The Caribbean Novel since 1945
Cultural Practice, Form, and the Nation-State

By Michael Niblett

304 pages (approx.), 6 x 9 inches, bibliography, index

978-1-61703-247-9 Printed casebinding $60.00S

978-1-61703-248-6 Ebook $60.00

978-1-62846-056-8 Paper $30.00S

Printed casebinding, $60.00

Ebook 978-1-61703-248-6, $60.00

Paper, $30.00

How fiction, its forms, and its evolution reflect countries in the midst of postcolonial change

The Caribbean Novel since 1945 offers a comparative analysis of fiction from throughout pan-Caribbean, exploring the relationship between literary form, cultural practice, and the nation-state. Engaging with the historical and political impact of capitalist imperialism, decolonization, class struggle, ethnic conflict, and gender relations, Michael Niblett considers the ways in which Caribbean authors have sought to rethink and renarrate the traumatic past and often problematic postcolonial present of the region's peoples. This work pays particular attention to how cultural practices, such as stickfighting and Carnival, and religious rituals and beliefs, such as Vodou and Myal, have figured in reshaping the novel form.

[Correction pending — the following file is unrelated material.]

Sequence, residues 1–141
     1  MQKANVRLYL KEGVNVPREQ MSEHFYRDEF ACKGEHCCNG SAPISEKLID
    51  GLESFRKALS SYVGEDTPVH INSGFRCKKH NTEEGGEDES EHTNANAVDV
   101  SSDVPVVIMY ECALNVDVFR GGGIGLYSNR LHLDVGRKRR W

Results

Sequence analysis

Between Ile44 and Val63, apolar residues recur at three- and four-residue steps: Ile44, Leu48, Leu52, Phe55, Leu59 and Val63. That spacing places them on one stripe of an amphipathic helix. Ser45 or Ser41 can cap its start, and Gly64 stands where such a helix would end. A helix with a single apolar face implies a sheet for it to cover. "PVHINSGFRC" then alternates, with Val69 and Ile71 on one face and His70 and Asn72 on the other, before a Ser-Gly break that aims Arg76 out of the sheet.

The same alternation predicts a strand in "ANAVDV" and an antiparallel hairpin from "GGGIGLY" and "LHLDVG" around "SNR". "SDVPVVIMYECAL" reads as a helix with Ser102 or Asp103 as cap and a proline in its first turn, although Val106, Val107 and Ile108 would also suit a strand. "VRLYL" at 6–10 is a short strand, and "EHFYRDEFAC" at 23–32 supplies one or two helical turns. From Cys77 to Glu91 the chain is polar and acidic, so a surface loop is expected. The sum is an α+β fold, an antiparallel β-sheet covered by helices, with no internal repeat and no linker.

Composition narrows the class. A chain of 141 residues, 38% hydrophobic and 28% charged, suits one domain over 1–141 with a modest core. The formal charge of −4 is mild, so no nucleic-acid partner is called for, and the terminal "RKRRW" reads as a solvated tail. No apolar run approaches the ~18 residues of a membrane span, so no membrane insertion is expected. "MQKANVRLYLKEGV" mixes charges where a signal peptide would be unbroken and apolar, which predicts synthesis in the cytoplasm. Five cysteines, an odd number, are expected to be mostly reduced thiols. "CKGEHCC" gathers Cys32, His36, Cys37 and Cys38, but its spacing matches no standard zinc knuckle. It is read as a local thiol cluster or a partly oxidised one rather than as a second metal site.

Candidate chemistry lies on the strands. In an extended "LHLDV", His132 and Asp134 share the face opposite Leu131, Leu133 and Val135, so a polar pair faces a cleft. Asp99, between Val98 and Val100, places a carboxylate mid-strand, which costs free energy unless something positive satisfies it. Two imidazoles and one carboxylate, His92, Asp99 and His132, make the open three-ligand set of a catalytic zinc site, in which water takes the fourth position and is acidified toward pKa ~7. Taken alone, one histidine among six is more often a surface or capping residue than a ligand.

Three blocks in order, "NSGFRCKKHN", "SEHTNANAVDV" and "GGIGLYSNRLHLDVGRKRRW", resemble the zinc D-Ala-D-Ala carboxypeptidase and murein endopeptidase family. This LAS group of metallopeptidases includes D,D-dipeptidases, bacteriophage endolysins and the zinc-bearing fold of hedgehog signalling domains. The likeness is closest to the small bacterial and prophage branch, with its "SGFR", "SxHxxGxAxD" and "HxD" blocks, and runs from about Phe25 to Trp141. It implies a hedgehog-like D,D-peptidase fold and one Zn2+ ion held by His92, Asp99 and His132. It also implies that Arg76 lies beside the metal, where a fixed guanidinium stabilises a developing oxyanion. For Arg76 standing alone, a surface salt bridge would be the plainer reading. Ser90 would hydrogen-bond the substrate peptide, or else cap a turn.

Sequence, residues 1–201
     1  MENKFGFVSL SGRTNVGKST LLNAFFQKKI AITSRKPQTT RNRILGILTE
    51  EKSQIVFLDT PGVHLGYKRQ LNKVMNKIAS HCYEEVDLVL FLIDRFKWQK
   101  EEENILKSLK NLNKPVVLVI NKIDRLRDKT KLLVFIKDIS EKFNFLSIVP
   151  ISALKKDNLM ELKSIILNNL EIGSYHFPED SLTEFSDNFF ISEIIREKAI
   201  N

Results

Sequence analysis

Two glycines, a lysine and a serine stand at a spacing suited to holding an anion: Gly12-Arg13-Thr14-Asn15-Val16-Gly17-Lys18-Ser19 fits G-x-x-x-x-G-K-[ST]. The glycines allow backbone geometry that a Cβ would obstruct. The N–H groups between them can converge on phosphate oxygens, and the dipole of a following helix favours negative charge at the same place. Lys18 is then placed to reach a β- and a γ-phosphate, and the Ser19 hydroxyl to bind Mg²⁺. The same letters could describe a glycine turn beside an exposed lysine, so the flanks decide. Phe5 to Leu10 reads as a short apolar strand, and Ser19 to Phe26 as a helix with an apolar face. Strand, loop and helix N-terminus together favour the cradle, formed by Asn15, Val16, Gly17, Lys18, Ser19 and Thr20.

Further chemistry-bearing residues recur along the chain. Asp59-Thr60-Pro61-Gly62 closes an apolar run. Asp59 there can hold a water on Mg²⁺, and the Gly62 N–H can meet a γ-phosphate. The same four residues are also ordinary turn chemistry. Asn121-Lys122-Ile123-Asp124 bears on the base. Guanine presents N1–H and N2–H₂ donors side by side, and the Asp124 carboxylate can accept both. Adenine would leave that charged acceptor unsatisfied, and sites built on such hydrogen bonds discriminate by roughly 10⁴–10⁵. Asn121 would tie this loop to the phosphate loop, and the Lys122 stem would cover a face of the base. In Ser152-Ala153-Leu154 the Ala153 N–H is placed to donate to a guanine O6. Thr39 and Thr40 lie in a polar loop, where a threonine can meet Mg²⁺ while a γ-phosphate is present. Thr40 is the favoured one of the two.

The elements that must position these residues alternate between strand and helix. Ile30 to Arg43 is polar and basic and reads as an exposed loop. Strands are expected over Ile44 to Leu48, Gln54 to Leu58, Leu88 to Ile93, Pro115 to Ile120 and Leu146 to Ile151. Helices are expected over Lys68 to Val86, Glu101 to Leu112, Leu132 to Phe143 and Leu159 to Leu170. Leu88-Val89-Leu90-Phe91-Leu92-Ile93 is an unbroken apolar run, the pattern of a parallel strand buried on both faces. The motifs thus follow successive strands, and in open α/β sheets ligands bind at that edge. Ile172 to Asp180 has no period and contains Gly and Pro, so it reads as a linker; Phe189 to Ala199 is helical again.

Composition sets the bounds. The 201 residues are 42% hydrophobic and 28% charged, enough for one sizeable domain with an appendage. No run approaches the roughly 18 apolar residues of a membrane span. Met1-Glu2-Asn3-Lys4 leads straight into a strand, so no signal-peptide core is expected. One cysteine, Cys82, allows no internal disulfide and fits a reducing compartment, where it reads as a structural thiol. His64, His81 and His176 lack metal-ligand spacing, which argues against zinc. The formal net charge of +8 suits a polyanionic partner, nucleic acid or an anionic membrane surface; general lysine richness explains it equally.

Beginning with the post-WWII period, when optimism surrounding the possibility of social and political change peaked, The Caribbean Novel since 1945 interrogates the trajectories of various national projects. The scope of Niblett's analysis is varied and comprehensive, covering both critically acclaimed and lesser-known authors from the Anglophone, Francophone, and Hispanophone traditions. These include Jacques Roumain, Sam Selvon, Marie Chauvet, Luis Rafael Sánchez, Earl Lovelace, Patrick Chamoiseau, Erna Brodber, Wilson Harris, Shani Mootoo, Oonya Kempadoo, Ernest Moutoussamy, and Pedro Juan Gutiérrez. Mixing detailed analysis of key texts with wider surveys of significant trends, this book emphasizes the continuing significance of representations of the nation-state to contemporary Caribbean literature.

Michael Niblett, Warwickshire, United Kingdom, is research fellow at the Yesu Persaud Centre for Caribbean Studies at the University of Warwick in Coventry, United Kingdom. He is the coeditor of Perspectives on the Other America: Comparative Approaches to Caribbean and Latin American Culture.

304 pages (approx.), 6 x 9 inches, bibliography, index